BOI Reports for all Reporting Companies must contain two categories of information, one relating to the Reporting Company itself and the other disclosing personal information concerning individuals who are deemed beneficial owners of the entity. For Reporting Companies formed on or after January 1, 2024, the initial BOI Report must also contain the personal information of the company applicants (as defined below) of the entity.
Under the CTA, a beneficial owner includes any individual who, directly or indirectly, either (i) exercises substantial control over a Reporting Company, or (ii) owns or controls at least 25 percent of the ownership interests of a Reporting Company. “Substantial control” is a term used very expansively in the FinCEN rule (the “Rule”). The Rule identifies a range of things that could constitute substantial control of a Reporting Company, including senior leadership and management positions that are deemed to have substantial control by virtue of having the authority to make important decisions on behalf of the entity, persons with power over important decisions, power to appoint or remove directors or persons in similar positions, possible organizational structures that might otherwise not be seen to provide direct decision making authority.
Similarly, the Rule deals with various ways that an individual may be deemed to own or control (directly or indirectly) 25% of the ownership or profits interests of a Reporting Company through various ownership or control structures, trusts or other mechanisms. Options, warrants, grants, convertible securities and other rights to acquire equity are deemed to be “owned” for purposes of calculating the ownership percentage of an individual whether or not exercisable or in the money. Specific examples of how control might be exercised through trusts by grantors, trustees and beneficiaries are included in the Rule and some exemptions applicable to “beneficial ownership” are also included for minors and others.
The Rule requires disclosure in the initial BOI Report by Reporting Companies formed on or after January 1, 2024 of up to two company applicants. It defines a company applicant as the individual who files the formation document with the State Filing Office to create the entity (or for a foreign reporting company, the document that first registers the entity to do business in the United States) and the individuals primarily responsible for directing or controlling the filing of the relevant document. If an individual makes the filing or a service company makes the filing for the Reporting Company, then the Reporting Company must disclose the personal information or FinCEN Identifier (a unique number issued by FinCEN to the individual for such purpose) of the individual making the filing as a company applicant. The second company applicant disclosed in the BOI Report may be the person that requested that the filing be made, either at the entity level, its parent, one of its founders, someone at the law firm or accounting firm that sent the formation document to the service company, or other person. There is no obligation to file amendments or supplements to the initial BOI Report to update company applicant information.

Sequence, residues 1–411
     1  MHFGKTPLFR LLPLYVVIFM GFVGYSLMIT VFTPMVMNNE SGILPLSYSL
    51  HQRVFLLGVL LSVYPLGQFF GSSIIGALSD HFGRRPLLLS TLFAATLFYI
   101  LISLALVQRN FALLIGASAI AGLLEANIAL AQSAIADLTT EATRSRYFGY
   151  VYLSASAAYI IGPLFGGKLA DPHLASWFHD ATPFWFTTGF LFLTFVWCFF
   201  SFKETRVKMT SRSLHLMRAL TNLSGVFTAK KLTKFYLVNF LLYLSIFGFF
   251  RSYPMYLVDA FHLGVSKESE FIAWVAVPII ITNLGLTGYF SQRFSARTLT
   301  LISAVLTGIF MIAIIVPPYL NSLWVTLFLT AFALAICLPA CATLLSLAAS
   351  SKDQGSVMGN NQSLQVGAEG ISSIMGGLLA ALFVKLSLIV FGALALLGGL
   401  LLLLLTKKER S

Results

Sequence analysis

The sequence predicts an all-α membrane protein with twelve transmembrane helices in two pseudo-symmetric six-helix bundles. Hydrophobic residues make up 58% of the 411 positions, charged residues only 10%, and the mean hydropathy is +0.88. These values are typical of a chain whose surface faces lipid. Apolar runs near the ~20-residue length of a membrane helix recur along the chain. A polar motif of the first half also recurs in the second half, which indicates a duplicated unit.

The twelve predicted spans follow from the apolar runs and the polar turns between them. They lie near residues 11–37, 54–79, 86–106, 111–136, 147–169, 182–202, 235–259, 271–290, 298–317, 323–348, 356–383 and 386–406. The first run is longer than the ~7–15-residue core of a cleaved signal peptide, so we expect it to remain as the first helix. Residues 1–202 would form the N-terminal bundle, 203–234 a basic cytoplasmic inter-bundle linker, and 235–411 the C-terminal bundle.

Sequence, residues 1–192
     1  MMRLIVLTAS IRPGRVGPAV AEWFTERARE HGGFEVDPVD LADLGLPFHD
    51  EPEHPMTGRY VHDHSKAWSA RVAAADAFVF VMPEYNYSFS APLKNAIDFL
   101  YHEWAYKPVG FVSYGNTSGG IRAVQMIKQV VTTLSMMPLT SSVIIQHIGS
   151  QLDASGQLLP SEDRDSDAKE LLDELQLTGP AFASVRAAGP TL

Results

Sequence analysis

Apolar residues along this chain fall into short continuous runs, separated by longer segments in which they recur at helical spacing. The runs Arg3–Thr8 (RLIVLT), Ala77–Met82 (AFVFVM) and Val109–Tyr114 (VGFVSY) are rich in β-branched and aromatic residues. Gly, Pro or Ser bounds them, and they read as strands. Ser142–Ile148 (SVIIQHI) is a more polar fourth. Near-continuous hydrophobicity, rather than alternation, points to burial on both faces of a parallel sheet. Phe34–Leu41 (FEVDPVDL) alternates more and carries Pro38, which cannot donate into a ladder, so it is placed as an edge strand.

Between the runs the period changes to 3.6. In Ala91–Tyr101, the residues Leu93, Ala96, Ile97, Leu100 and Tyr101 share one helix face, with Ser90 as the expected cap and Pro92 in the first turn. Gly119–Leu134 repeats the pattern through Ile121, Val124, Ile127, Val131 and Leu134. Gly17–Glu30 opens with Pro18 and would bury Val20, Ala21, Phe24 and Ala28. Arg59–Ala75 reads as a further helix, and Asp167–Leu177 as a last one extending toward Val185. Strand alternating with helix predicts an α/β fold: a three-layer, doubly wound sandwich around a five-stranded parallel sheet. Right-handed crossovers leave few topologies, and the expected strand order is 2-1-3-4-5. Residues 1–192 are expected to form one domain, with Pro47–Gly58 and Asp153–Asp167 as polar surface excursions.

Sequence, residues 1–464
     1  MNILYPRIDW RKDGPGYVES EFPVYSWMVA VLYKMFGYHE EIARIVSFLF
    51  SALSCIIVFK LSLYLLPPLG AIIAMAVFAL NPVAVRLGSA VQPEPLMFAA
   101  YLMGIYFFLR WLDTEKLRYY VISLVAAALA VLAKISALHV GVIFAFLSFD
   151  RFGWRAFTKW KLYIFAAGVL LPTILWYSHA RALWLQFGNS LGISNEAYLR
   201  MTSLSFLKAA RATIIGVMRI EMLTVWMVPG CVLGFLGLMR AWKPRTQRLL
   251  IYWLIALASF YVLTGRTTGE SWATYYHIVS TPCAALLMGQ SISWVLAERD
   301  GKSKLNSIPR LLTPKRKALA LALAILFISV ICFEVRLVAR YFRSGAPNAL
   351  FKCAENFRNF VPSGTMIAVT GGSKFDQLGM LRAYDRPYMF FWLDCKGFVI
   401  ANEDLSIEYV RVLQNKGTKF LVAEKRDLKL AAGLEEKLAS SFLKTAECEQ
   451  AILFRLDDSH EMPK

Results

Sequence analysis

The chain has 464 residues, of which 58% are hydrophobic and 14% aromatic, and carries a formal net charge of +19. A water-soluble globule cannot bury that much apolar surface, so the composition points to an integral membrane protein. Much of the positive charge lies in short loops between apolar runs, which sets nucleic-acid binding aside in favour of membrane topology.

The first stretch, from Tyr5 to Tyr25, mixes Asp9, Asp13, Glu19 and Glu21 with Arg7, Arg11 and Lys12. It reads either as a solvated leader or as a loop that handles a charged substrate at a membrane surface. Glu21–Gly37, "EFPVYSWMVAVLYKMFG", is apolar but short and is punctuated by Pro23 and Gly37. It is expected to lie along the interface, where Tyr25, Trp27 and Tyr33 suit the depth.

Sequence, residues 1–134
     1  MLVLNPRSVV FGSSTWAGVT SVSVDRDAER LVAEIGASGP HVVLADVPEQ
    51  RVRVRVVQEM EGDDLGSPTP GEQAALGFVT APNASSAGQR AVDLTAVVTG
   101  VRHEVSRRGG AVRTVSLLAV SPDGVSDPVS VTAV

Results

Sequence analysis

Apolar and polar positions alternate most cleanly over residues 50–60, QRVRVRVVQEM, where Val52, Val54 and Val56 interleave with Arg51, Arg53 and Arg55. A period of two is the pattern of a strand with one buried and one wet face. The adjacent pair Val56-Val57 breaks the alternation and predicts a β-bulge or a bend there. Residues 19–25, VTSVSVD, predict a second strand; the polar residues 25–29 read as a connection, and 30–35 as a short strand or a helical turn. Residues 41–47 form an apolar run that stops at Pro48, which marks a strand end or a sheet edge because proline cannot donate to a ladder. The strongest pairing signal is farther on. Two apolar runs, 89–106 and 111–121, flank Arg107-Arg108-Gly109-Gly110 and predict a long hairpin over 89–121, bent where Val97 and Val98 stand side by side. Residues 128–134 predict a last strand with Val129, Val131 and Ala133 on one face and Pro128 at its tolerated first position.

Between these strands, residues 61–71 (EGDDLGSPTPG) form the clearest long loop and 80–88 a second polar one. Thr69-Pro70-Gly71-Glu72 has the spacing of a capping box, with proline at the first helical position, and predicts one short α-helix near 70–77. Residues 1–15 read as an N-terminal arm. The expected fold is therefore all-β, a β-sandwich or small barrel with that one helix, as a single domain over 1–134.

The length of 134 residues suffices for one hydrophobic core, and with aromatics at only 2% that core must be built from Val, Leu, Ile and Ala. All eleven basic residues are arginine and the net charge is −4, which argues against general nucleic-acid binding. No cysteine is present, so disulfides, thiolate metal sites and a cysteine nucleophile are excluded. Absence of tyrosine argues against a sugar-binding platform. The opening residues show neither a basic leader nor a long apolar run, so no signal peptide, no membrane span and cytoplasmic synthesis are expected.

BOI Reports disclose information relating to the entity and to all its “beneficial owners” as that term is used in the CTA and the Rule. For each beneficial owner, the initial BOI Report and each amendment must provide the individual’s full legal name, date of birth, residential street address, and a unique government issued identifying number (driver’s license number, passport) and issuing jurisdiction and a legible image of the applicable ID document. For Reporting Companies formed on or after January 1, 2024, the same information is required for each company applicant. However, in lieu of providing the information for each beneficial owner and company applicant, the individual may provide a FinCEN identifier.
Both individuals and entities can be liable for willful violations of the CTA reporting requirement or for causing a Reporting Company to report inaccurate, misleading or incomplete information. Senior officers at the entity at the time of the failure are also liable under the CTA for failures to file initial or amended reports, or for filing late, incomplete or inaccurate reports.